Copyright ©2007 NPR. For personal, noncommercial use only. See Terms of Use. For other uses, prior permission required.

SCOTT SIMON, host:

NPR's Jeff Brady spent much of the last week in Greensburg, Kansas, for a tornado nearly leveled that town. The storm also killed 11 people and here's a look inside Jeff's Reporter's Notebook.

JEFF BRADY: There's no need to enforce the 35-mile-an-hour speed limit to Greensburg anymore. With block after block of obliterated buildings to look at, everyone is driving much slower than that.

(Soundbite of engine running)

BRADY: Every couple of hundred feet, there's a front-end loader rounding up splintered wood that will be burned a few miles outside town. This small loader looks like it can fit half a pickup truck load in its bucket. Still it barely makes a dent in the mess that exists on just this one city lot.

I was struck by the trees. The tornado left just the trunks and a few of the thickest branches. They look like skeletons, stripped bare. Not just a few of the trees, but as best I could tell, every single tree in town. Beyond what you can see, there's another level to the disaster, leaving entire extended families in shock.

Greensburg is one of those rural American towns where if the kids move away, they often don't go far.

Ms. APRIL BARR(ph) (Resident, Greensburg): I was born here at Greensburg in 1980, lived here until 1999. When I went to college, my parents was here. My brother and his family lives here. My grandma on my dad's side lives here. My mom's parents…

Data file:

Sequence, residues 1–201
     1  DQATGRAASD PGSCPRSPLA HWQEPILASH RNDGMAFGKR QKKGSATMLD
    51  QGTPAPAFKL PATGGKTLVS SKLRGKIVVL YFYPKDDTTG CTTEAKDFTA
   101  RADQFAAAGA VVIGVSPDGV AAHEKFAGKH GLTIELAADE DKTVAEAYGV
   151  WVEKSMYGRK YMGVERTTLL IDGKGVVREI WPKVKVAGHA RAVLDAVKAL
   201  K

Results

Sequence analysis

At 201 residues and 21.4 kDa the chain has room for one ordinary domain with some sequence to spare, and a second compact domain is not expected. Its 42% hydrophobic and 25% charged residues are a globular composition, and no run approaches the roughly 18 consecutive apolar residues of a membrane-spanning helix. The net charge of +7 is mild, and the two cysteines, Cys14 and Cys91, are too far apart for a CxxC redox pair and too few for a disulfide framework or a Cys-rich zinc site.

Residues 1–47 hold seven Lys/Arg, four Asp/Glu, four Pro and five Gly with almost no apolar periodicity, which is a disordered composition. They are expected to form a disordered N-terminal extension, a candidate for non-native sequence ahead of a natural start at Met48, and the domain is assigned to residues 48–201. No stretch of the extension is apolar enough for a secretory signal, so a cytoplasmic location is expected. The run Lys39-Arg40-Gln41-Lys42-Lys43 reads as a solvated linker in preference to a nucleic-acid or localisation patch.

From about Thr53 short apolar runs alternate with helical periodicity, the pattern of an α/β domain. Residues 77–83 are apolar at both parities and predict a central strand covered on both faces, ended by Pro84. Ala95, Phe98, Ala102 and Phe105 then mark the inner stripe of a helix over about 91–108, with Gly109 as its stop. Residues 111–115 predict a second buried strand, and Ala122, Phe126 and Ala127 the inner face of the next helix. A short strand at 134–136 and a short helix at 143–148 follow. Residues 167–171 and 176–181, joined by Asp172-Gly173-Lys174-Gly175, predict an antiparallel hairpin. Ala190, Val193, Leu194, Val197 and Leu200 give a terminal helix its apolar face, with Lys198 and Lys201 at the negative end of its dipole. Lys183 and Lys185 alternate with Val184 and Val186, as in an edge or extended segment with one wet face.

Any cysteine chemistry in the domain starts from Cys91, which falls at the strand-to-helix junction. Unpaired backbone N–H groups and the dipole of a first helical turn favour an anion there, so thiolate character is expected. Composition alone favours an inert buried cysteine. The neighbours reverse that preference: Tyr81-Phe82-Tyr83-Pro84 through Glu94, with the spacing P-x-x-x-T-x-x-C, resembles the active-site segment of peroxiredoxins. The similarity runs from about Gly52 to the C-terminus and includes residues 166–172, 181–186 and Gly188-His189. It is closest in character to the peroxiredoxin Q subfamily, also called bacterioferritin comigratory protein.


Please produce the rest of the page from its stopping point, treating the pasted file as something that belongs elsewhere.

BRADY: April Barr was born in Greensburg. While most of us would call on family for support, in this case, the whole family is homeless.

Ms. BARR: My family all wants to rebuild. They want to be right here where our roots are.

BRADY: Just about everyone here says that now. But when pressed, older residents say they don't want to spend the last years of their lives starting over. Young families say they can't afford to rebuild.

Ms. BARR: Nobody has jobs. Every business is gone. There's no schools, you know, no houses. You're lucky if you have one part of your house saved. So it's going to be hard. But it's hard to imagine they're not being home.

BRADY: City leaders, perhaps, anticipating this, looked for something positive to report. They see opportunity in their rebuilding. Maybe it will strengthen the economy. Maybe there are folks who want to live in a brand new small town. But the worry is maybe Greensburg has just become another Western ghost town.

Greensburg's claim to fame is still intact, though. Apparently not even a powerful tornado could destroy the world's largest hand-dug well.

SIMON: NPR's Jeff Brady.

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